To achieve the best of both worlds, we propose EASE, an extractive-abstractive framework that generates concise abstractive summaries that can be traced back to an extractive summary.
To address these challenges, we develop a Retrieve-Generate-Filter(RGF) technique to create counterfactual evaluation and training data with minimal human supervision.
Many commonsense reasoning NLP tasks involve choosing between one or more possible answers to a question or prompt based on knowledge that is often implicit.
Current abstractive summarization systems outperform their extractive counterparts, but their widespread adoption is inhibited by the inherent lack of interpretability.
Natural language (NL) explanations of model predictions are gaining popularity as a means to understand and verify decisions made by large black-box pre-trained models, for NLP tasks such as Question Answering (QA) and Fact Verification.
Decisions of complex language understanding models can be rationalized by limiting their inputs to a relevant subsequence of the original text.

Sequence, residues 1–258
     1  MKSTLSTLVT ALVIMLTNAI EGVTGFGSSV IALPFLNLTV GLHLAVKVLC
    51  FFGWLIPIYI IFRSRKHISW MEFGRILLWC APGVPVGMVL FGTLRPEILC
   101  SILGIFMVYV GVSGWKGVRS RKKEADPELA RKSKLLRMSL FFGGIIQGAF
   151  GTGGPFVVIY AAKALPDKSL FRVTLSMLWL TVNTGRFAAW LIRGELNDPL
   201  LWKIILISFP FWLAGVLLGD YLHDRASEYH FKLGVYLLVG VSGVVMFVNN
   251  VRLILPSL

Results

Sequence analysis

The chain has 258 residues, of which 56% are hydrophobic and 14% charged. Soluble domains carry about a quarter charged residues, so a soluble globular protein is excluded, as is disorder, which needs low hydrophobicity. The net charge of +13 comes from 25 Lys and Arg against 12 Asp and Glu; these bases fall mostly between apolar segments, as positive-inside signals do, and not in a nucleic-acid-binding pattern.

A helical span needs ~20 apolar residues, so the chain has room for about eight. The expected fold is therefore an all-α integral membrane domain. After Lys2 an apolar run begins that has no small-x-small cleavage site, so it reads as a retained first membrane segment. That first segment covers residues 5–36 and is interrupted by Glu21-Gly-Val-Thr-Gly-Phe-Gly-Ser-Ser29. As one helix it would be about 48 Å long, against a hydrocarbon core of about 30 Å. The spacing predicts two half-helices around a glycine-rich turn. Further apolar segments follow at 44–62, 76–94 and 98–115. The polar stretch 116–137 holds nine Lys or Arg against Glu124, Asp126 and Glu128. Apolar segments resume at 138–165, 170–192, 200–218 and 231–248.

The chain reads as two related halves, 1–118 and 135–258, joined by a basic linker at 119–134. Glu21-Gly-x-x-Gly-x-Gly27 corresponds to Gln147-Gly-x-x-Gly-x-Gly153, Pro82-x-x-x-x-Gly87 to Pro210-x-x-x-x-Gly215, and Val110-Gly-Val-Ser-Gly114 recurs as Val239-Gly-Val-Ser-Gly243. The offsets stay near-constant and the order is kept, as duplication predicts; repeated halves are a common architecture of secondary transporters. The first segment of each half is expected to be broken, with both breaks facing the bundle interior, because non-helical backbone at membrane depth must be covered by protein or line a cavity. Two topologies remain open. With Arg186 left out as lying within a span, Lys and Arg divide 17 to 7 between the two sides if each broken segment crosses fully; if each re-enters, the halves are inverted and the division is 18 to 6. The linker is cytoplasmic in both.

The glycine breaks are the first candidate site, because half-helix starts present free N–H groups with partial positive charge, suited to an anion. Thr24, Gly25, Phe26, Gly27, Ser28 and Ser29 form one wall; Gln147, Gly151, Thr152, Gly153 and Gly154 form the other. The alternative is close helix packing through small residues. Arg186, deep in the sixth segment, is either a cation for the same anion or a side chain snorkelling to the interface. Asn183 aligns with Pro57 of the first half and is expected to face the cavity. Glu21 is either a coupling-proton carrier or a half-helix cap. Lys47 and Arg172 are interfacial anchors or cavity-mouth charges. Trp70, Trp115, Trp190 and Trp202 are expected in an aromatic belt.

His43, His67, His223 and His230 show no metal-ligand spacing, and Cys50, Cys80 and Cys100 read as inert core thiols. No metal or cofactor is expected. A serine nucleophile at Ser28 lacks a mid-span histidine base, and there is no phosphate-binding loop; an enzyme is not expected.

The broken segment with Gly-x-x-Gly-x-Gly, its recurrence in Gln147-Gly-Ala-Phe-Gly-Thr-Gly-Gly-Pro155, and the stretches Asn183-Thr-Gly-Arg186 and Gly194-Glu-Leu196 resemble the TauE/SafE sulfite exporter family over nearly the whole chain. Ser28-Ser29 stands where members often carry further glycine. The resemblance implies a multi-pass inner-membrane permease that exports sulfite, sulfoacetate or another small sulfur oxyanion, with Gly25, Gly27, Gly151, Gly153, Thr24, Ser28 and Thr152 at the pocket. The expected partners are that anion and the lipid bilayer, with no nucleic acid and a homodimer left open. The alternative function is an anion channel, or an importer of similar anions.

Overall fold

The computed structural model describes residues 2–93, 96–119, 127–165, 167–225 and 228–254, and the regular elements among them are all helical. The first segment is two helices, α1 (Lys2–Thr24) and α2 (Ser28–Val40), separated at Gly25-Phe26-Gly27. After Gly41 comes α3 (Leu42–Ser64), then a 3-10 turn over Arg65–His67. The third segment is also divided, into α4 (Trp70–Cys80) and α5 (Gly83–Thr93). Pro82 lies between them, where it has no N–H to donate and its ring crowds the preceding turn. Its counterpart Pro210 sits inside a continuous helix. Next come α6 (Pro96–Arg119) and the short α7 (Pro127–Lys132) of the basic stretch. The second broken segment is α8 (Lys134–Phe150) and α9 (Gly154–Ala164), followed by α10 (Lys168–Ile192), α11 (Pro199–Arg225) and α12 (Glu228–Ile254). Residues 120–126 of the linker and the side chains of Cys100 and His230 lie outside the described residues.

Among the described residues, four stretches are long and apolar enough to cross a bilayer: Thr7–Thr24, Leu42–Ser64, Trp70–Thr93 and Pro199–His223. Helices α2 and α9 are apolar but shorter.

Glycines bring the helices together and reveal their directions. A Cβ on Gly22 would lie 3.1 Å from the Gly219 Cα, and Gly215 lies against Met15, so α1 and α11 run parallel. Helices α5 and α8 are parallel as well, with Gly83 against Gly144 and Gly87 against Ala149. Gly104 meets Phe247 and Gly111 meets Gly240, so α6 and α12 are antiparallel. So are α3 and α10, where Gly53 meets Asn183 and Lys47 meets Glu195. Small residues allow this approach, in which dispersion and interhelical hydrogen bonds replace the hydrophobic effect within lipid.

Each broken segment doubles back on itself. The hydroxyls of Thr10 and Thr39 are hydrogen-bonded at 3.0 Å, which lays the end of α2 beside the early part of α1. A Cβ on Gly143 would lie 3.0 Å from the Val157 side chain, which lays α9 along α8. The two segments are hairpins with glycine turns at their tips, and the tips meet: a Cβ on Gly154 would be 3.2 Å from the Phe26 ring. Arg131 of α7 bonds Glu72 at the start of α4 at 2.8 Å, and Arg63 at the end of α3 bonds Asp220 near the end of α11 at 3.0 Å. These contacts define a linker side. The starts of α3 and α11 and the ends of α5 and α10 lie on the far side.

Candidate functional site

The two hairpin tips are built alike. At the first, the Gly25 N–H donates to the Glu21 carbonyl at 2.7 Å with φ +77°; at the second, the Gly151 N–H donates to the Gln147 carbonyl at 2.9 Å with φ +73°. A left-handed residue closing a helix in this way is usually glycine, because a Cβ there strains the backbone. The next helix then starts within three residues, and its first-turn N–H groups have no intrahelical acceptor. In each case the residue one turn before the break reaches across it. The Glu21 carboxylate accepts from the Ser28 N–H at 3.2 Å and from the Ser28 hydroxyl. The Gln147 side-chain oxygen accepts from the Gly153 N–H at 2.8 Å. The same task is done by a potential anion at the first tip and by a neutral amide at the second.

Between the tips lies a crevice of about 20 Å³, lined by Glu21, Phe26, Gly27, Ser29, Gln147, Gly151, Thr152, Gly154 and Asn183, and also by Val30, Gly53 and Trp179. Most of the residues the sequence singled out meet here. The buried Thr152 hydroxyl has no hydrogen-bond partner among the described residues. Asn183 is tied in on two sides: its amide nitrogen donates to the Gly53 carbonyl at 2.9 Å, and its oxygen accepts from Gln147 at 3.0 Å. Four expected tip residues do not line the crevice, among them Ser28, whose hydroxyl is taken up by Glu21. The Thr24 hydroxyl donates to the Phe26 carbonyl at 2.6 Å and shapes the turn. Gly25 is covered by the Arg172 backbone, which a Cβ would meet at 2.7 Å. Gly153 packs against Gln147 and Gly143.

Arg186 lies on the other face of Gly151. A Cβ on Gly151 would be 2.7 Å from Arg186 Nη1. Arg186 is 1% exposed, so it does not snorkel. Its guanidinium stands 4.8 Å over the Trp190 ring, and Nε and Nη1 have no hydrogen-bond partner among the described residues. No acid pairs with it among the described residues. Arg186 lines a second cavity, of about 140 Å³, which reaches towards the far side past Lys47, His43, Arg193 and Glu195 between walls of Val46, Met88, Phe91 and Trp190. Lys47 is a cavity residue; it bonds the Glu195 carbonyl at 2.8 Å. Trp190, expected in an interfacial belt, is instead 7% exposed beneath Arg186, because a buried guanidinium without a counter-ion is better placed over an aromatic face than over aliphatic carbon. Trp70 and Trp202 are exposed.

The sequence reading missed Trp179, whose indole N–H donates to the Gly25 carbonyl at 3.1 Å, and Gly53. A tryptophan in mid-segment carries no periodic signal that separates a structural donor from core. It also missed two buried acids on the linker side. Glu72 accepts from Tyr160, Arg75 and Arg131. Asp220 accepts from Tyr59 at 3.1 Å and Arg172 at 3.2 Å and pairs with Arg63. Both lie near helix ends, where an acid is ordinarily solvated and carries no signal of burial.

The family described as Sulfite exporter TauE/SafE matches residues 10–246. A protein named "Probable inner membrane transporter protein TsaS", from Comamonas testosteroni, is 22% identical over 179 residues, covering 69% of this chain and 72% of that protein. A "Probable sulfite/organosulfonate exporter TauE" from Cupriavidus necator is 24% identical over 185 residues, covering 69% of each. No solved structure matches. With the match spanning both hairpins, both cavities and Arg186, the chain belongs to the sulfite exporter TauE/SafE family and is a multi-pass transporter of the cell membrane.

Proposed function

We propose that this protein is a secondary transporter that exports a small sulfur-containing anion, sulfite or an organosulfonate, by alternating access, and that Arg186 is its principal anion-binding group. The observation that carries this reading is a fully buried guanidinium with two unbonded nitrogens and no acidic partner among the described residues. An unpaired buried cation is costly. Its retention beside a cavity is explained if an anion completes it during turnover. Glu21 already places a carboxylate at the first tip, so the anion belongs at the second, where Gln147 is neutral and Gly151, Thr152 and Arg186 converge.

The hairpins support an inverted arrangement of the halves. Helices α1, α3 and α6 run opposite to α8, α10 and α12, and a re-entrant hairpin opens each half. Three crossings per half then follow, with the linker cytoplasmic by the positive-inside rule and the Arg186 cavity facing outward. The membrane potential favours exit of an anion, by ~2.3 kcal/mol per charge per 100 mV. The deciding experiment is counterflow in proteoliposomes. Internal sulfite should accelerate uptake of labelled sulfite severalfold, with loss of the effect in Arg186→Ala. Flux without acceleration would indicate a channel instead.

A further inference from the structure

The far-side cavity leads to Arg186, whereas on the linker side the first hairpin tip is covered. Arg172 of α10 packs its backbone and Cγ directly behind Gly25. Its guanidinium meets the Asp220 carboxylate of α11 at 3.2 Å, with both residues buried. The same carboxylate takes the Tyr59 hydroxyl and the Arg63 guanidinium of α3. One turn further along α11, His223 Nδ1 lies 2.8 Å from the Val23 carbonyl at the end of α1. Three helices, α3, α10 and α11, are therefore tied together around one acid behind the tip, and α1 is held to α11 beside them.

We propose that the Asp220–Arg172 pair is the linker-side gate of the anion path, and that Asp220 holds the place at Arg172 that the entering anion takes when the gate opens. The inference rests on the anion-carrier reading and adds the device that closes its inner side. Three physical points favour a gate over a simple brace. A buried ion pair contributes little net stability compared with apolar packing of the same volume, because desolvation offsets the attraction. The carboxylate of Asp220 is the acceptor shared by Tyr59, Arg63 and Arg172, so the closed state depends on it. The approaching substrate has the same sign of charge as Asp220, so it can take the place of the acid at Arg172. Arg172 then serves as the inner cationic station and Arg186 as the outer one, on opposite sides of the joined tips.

Although over 100 languages are supported by strong off-the-shelf machine translation systems, only a subset of them possess large annotated corpora for named entity recognition.
Motivated by recent evidence pointing out the fragility of high-performing span prediction models, we direct our attention to multiple choice reading comprehension.
Such applications demand prediction models with small storage and computational complexity that do not compromise significantly on accuracy.
We present a feature vector formation technique for documents - Sparse Composite Document Vector (SCDV) - which overcomes several shortcomings of the current distributional paragraph vector representations that are widely used for text representation.